Crispy Pork Belly with Hummos
FEATURING MONJAY MEZZA’S HUMMOS
Not much needs to be done to enjoy our products, Break open a packet of your favourite crackers or cut a carrot into batons and dip away. Or simply arrange our delicious finger foods on a platter and watch them crowd around. But the potential of our range is so much more, and we want to prove it. So we've created our very own recipe page to show you the versatility of our products. Dips to marinate or bake with, finger food transformed into main meals - the limit is your imagination.
Pork Belly has to be the Holy Trinity of textures. If done right (and we’ll guide you through that), in one mouthful you’ll encounter shards of crisp skin, melting fat and soft, yielding meat. It’s rich, heavenly, and a cinch to achieve. All you need is a little prep time.
Two of the three textures don’t require much thought: for the melting fat and tender meat, all we need is a long enough cooking time at a moderate temperature. The anatomy of a pork belly cut does the rest.
Which leads us to the third texture – crackling skin. On this, theories abound. In all likelihood, you’ll never come across two people who agree on a method. A quick browse on the internet will uncover sermons, incantations, myths and reddit threads too long to read in a single lifetime.
But, really, there’s nothing mysterious about it. The skin of pork belly crackles as high temperatures render the fat. Moisture boils and creates steam, which expands and bubbles the skin. To achieve this, we need three things: salt, a dry environment, and a hot oven.
We’ve chosen carrots bathed in balsamic vinegar as the accompaniment because the sweet tanginess helps combat the richness of pork belly.
- 1½ - 2 kg boneless pork belly
- Olive oil
- Monjay Mezza Hummos
- 1 bunch baby carrots
- 1 tbsp balsamic vinegar
How to Prepare
If there’s any residual moisture or blood on the pork belly, pat it dry with paper towel. Find the sharpest knife you have (a Stanley knife comes in handy) and score the skin and fat in long, even lines, a finger-width apart. Try not to cut into the meat. Put the pork belly on a plate and place in the fridge for 12 hours, or a couple of hours, or however much time your woeful organisational skills allow.
(The fridge helps to dry out the skin, which leads to better crackling. Alternatively, you can use a hair dryer to achieve similar results, in less time and with more theatricality.)
Heat the oven to 240C. Take the pork belly out of the fridge and allow it to return to room temperature. Sprinkle a generous amount of salt over the skin (don’t be shy and forget the nutritionist) and rub it in with your fingers, making sure all the scores are attended to. The salt seasons and draws out further moisture.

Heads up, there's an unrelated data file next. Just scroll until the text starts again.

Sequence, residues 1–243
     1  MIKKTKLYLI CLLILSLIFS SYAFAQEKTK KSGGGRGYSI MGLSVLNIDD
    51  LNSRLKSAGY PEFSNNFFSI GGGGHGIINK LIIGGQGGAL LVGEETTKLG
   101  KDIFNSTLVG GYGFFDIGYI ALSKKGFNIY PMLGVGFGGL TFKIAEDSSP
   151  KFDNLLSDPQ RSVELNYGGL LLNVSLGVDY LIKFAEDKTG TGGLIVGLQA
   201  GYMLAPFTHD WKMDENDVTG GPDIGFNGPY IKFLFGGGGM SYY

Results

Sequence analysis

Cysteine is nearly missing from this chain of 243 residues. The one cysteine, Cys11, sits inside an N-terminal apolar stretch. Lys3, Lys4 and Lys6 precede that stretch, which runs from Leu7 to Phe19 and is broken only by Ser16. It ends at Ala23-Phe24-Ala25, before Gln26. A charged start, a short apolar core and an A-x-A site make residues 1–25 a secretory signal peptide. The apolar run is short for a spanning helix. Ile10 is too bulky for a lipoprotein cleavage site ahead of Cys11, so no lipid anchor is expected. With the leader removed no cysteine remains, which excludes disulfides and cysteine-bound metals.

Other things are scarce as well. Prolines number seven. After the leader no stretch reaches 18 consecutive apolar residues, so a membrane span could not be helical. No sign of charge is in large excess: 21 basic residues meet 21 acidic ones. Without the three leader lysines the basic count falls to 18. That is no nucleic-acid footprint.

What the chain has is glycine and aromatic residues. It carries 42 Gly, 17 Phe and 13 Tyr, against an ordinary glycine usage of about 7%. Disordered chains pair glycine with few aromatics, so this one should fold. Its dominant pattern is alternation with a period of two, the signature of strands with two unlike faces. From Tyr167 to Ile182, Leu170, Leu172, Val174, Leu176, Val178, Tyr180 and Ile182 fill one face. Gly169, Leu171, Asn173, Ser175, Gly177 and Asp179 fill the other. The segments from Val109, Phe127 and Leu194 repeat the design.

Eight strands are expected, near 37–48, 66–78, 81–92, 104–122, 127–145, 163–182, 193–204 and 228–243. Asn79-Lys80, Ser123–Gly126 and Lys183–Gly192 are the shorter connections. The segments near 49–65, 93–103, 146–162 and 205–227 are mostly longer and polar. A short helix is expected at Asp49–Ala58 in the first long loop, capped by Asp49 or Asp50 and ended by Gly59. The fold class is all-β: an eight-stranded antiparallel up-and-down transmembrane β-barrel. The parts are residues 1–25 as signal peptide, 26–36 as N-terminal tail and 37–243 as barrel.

Drizzle the skin with olive oil.
Place the pork in a roasting dish in the oven. The skin should take around 30 minutes to blister and crackle. Reduce the heat to 170C and cook for another 2 to 2½ hours. Stick the belly with a skewer: if the juices run clear, it’s ready.
(As a general rule, pork takes 30 minutes of cooking for every 450g, plus an extra 30 minutes.)
Remove from the oven and rest, UNCOVERED. Sorry, didn’t mean to yell, but it would be a heinous crime if you were to cover the belly now and allow the trapped steam to soften the skin.
While the pork rests, its time to deal with the carrots. Turn the oven up to 200C. Trim the green fronds and scrub the carrots of any dirt (no need to peel). Place in a bowl with a good pinch of salt and the balsamic vinegar and toss. Place on a shallow baking tray and roast for around 20 to 25 minutes.
When it’s time to serve, open a tub of Monjay’s Hummos with Roasted Capsicum and Jalapenos and smoosh it all over a serving dish. Slice the pork belly (sometimes it’s easiest to cut through the scores you’ve already made), and lay the slices like fallen dominoes on the Hummos. Leave the carrots on their roasting tray and place both dishes on the table and order people to serve themselves.
Hummos is made from a blend of chick peas and sesame seed paste, it is a low fat dip eaten with crackers, celery sticks and carrots. It can be also spread on falafel wraps, kebabs and sandwiches. Or, for something a little different, thin it out with a little olive oil, add a turn of salt and pepper, and toss through your favourite pasta for a pasta salad with a twist! It’s great in lunchboxes with veggie sticks or in wraps and sandwiches for flavour and added nutrition. It’s also the perfect compliment to a mezza plate.
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